After talks falter, Houthi rebels assert political control of Yemen

Story highlights

  • Yemen's President, Prime Minister resigned as Houthi rebels advanced
  • U.N.-sponsored talks didn't lead to a resolution agreed to by all parties
  • The Houthi Revolutionary Committee will be in charge, with a new parliament coming

(CNN)After two weeks of failed negotiations, Houthi rebels announced Friday that they will chart Yemen's political future, setting up groups to replace the volatile Arab nation's parliament and form a presidential council.

This all follows last month's resignations of President Abdu Rabu Mansour Hadi and other officials after Houthis moved into the Yemeni capital, Sanaa. The chaos in Yemen has far-reaching implications for the United States and its allies, which had considered Yemen's previous government a key ally in its fight against al Qaeda in the Arabian Peninsula.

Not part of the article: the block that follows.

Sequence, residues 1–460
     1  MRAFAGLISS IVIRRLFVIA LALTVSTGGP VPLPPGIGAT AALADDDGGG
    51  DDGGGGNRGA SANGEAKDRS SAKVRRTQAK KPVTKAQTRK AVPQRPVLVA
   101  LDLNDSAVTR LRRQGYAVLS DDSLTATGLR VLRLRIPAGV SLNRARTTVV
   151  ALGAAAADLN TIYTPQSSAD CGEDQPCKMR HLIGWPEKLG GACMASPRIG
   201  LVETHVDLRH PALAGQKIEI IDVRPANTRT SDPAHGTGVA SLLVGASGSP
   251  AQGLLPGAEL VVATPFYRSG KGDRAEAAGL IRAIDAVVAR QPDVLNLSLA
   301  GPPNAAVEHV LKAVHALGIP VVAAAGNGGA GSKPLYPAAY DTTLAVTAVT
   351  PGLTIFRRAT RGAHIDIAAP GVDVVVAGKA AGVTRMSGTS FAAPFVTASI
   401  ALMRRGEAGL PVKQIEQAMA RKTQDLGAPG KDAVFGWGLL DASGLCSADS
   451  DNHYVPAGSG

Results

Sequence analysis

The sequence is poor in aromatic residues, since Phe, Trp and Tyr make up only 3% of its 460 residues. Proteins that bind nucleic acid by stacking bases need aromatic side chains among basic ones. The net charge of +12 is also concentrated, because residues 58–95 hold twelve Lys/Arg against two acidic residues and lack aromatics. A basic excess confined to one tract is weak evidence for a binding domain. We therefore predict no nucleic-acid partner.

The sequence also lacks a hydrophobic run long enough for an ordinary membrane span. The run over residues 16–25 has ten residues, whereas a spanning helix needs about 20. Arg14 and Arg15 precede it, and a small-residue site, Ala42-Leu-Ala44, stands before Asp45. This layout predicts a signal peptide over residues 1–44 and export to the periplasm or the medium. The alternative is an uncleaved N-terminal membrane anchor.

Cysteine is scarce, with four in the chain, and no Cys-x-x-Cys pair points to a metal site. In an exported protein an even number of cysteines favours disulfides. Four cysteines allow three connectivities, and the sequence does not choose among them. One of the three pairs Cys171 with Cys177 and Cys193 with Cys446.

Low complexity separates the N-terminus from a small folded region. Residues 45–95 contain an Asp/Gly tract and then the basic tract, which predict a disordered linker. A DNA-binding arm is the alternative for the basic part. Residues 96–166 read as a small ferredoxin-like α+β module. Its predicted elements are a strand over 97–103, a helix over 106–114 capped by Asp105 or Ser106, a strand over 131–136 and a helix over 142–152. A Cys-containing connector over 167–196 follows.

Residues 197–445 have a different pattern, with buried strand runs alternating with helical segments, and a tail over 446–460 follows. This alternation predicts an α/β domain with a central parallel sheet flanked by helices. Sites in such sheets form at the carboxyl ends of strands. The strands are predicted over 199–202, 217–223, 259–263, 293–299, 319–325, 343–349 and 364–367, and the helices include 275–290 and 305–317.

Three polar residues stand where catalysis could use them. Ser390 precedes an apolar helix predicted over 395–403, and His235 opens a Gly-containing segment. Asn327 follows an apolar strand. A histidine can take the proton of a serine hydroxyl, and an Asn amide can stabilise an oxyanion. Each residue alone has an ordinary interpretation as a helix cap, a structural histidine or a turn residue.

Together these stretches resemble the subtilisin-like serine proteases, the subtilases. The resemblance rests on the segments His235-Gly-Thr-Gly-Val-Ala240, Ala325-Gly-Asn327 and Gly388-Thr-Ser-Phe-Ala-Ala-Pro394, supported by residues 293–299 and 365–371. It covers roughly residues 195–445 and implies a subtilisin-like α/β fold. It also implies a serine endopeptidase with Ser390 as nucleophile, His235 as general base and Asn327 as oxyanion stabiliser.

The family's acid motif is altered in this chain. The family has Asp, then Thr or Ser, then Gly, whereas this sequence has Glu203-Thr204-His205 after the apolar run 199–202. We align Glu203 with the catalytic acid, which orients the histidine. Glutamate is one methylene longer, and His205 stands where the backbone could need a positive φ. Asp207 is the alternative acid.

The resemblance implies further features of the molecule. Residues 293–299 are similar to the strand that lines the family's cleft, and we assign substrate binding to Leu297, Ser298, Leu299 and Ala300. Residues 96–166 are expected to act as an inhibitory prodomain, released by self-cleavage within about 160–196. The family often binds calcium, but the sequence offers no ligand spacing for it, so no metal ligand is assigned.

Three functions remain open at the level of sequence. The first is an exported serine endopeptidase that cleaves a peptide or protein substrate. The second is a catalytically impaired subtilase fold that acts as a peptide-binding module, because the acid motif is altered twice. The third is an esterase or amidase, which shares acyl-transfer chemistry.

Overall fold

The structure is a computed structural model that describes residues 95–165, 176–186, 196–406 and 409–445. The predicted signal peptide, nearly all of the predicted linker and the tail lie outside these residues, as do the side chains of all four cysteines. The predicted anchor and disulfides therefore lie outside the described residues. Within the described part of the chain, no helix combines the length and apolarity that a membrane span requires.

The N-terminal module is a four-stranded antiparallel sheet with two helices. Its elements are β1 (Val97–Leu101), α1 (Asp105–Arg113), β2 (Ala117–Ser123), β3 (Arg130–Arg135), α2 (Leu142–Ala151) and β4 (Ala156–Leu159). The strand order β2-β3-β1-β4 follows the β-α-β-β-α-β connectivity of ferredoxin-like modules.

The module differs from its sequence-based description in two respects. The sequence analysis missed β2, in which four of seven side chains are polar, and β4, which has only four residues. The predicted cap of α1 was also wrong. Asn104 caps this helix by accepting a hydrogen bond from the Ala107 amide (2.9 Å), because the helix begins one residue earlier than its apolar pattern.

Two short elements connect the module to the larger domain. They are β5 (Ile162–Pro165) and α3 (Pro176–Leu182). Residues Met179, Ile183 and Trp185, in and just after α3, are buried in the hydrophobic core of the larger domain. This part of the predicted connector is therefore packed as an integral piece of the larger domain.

The United Nations-sponsored talks aimed to find a resolution to the satisfaction of all parties, including the Houthis, who are Shiite Muslims who have long felt marginalized in the majority Sunni country.
    But Friday's news suggests no such accord.
    Instead, the Houthis -- politically recognized as Ansarullah -- announced that the country's top supervising authority will become the Houthi Revolutionary Committee. That committee will be charged with setting up a 551-member National Transition Council in place of Yemen's parliament.
    That body, according to the announcement, will then choose members of a five-person Presidential Council, which will lead the country during a two-year transition.
    There was no immediate response to the announcement from other Yemeni factions or from officials outside the country.